As part of my research for yesterday’s narrative, I undertook a rare visit to google maps for a current day view at my childhood home on Low Fell, Gateshead. The street I lived being Dorchester Gardens on the Chowdene estate; a cul-de-sac of twenty six three bedroomed semi-detached houses, solidly constructed by Leech in the late 1960’s.
Built on a valley incline that led at it lowest point to the river Team (a southern estuary of the Tyne) produced western facing views of varying aesthetic beauty. Looking from Dorchester Gardens the south westerly aspect bestowed scenic sights on the opposite side of the valley, courtesy of Kibblesworth green fields and hedges. Directly west were views of the Team Valley Trading Estate; an amalgam of factories and offices at the estuary’s trough.
This trading estate not exhibiting the pleasant canvas of the Kibblesworth fields, but what it lacked in aesthetic beauty it more than made up for in its importance to the north east economy and with providing the local populous with employment.
These views, which like most kids were taken for granted during my fledgling years, in some ways a metaphor for life itself. By that I opine that our existences can’t always be beautiful, we’ve also got the less cosmetically appealing elements to contend with. Those ugly and often less fulfilling experiences are equally necessary as ordinarily its those that make us stronger, more resilient and provide the sustenance and shelter we need to survive.
Some may read the above paragraph and opine “What a right load of pretentious b*ll*cks!”…… I know I bl**dy did when re-reading the thing! That being said, though, it is a metaphor I believe can be drawn from those westerly views from my childhood home…… Ok, I’ll admit it. It is a right load of pretentious b*ll*cks!!
Despite the buzz of seeing my childhood home via both street view and satellite, there is something that makes me uneasy about surveillance by google maps. It made me feel as though I’m literally walking around my old domain peering through house windows, making it feel a bit voyeuristic.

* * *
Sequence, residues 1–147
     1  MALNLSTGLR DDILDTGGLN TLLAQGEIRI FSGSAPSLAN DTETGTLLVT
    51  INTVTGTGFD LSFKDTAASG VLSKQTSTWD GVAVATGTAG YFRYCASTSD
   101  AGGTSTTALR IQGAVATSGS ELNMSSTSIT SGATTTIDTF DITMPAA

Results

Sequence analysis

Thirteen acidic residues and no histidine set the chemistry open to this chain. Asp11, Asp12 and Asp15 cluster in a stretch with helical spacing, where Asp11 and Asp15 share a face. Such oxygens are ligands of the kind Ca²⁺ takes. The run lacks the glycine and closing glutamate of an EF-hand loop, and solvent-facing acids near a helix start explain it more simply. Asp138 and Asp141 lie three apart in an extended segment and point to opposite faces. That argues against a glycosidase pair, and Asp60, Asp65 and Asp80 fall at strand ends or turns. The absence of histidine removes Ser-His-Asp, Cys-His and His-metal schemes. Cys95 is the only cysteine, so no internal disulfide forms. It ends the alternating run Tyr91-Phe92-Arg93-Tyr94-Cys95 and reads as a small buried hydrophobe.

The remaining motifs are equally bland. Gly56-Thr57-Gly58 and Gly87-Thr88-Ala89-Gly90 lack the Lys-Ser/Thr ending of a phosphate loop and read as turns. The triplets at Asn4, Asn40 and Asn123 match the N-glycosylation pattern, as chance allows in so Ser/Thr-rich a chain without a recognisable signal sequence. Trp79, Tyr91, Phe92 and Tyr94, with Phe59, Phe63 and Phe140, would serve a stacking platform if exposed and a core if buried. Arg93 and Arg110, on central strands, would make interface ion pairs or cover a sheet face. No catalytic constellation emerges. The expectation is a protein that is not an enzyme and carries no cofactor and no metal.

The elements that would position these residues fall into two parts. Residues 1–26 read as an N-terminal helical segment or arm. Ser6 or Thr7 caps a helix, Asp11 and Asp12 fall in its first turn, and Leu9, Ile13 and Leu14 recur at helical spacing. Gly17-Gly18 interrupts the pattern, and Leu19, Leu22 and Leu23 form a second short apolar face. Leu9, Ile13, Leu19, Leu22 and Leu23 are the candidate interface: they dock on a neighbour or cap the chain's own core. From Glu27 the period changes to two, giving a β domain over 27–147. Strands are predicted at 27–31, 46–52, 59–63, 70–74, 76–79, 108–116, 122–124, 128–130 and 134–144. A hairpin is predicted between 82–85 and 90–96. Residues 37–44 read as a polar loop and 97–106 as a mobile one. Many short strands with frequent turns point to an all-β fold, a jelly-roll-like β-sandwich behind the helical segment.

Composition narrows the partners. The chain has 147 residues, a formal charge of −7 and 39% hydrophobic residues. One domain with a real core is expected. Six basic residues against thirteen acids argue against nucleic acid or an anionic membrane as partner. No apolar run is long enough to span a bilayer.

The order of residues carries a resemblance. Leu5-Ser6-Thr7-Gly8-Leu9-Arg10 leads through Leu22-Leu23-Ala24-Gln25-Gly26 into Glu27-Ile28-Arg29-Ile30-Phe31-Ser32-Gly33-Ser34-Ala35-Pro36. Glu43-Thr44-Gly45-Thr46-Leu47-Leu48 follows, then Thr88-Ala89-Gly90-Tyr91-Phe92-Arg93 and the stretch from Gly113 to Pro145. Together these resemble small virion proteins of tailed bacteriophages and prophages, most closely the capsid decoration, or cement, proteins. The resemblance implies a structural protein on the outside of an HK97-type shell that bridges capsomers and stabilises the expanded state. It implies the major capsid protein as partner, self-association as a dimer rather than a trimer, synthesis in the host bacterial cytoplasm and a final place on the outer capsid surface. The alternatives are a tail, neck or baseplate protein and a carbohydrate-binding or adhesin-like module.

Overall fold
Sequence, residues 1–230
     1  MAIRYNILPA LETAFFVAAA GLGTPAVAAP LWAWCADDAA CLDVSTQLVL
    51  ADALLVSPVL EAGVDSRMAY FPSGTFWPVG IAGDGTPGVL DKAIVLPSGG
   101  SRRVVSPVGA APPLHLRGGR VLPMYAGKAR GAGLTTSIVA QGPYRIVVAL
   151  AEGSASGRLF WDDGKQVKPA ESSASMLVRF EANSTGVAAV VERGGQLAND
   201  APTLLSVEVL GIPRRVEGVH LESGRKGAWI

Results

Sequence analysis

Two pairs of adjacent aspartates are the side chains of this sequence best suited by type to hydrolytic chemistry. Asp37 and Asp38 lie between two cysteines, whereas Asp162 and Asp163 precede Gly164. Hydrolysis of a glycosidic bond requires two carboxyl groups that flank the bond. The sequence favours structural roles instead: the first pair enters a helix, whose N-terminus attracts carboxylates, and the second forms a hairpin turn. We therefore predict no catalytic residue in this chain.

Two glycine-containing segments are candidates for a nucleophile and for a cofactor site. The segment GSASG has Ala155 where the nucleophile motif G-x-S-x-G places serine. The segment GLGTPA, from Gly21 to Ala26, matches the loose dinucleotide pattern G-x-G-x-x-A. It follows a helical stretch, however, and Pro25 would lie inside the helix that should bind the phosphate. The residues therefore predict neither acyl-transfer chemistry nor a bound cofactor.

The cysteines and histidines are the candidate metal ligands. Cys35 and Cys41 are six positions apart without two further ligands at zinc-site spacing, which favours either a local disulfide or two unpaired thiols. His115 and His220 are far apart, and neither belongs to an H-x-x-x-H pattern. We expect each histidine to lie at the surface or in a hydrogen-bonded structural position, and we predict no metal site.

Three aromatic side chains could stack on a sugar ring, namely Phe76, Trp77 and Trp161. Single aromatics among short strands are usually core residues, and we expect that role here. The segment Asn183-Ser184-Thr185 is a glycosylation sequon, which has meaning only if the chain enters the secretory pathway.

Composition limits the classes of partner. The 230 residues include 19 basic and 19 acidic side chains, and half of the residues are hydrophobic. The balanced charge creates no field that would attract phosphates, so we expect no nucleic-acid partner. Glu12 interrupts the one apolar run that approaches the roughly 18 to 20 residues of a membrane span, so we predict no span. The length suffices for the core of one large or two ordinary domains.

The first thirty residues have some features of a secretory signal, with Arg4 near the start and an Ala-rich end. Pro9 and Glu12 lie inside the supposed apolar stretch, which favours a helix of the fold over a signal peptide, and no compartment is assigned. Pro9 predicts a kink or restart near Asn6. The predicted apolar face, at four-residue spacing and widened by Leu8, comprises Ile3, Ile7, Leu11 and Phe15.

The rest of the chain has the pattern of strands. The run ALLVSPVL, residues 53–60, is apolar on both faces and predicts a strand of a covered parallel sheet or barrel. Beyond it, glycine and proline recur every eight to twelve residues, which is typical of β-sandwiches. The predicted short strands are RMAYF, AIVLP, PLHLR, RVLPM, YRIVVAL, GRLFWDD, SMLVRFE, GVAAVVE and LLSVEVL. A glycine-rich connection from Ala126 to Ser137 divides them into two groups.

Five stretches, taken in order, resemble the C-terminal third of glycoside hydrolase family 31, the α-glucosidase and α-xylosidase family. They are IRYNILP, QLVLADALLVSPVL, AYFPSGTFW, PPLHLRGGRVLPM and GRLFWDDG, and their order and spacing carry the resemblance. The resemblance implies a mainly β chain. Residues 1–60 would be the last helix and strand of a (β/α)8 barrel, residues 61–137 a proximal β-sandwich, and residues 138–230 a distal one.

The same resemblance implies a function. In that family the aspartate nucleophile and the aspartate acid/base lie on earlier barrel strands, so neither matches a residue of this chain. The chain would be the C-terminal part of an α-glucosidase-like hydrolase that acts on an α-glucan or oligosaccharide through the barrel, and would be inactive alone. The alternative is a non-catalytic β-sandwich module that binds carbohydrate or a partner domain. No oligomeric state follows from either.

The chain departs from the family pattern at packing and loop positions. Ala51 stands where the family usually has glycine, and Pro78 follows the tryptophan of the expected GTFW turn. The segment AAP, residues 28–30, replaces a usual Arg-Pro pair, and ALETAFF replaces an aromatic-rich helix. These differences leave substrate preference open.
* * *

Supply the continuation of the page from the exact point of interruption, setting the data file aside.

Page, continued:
It made me think of if google maps existed in the 1970’s what sights you could have seen through the large rectangular lounge window of 8 Dorchester Gardens. If it was possible to time-travel to that era, peering through my old homes lounge windows may’ve brought forth the following ghosts:-
- Visions of my brother Ian and me receiving numerous rollockings for smashing ornaments during a game of indoor football. Our ill thought out attempts at hiding the misdemeanour, ie turning the ornament around to hide the damage, only giving brief respite from the wrath of mum (Maggie0.
- Distant images of my younger sister Helen writing a letter to my mum saying she was going to Africa as no one loved her. Maggie, as proved with her uncovering of ornament breakage, wasn’t that easily taken in. Finding her ten minutes later at Moira Galloway’s house (number 18).
- The ghosts of Strachan family laughter witnessing TV gold of that era in the shape of Morecambe & Wise, The Two Ronnies, Fawlty Towers, Mike Yarwood and Reggie Perrin. Up until May 1973 these visions delivered in monochrome, on a television that required much faffing about with vertical and horizontal hold buttons to stabilise its picture.
- Bad tempered games of Subbuteo between family and friends. Heated arguments whose catalysts were ordinarily allegations of player shuffling, incorrect recital of crowd chants, or the spiteful kneeling on an opponents plastic team member.
- The massive Christmas turkeys my dad received from his customers in the butcher trade. One of which so huge that, if received alive, he could’ve probably ridden it home from his work on Hawks Road, Gateshead.
- My old man inadvertently wood chipping part of the kitchen wall after sneezing with a mouthful of bran cereal. An accident that gave him the idea for a less labour intensive way to wall paper the house. However, after working out he’s need to buy 94 boxes of All Bran for that option he dropped the idea.
- Maggie finding a song for any occasion/event in the home. For instance, if the dog died we’d get a rendition of ‘Old Shep’ from the Leeds lass; although to be honest as we didn’t have a dog it wasn’t a refrain we heard often. Seriously, though, if the subject turned to railways mum would feel the need to sing ‘Oh, Mr Porter’. If the subject of ex-Leeds player Frank Worthington reared it’s head, mater would ‘treat’ us to a version of ‘Don’t Put Your Daughter On The Stage, Mrs Worthington’. The latter refrain having no relevance to football, however the name Worthington getting a mention was enough to set her off!
Most importantly, though, looking through the rectangle window of 8 Dorchester Gardens in the 1970’s would’ve shown three children being brought up by two adults who wanted their offspring brought up in an environment of security, laughter, love and, in my mum’s case, 50+ year old songs from the old music hall.
Get the tissues ready…….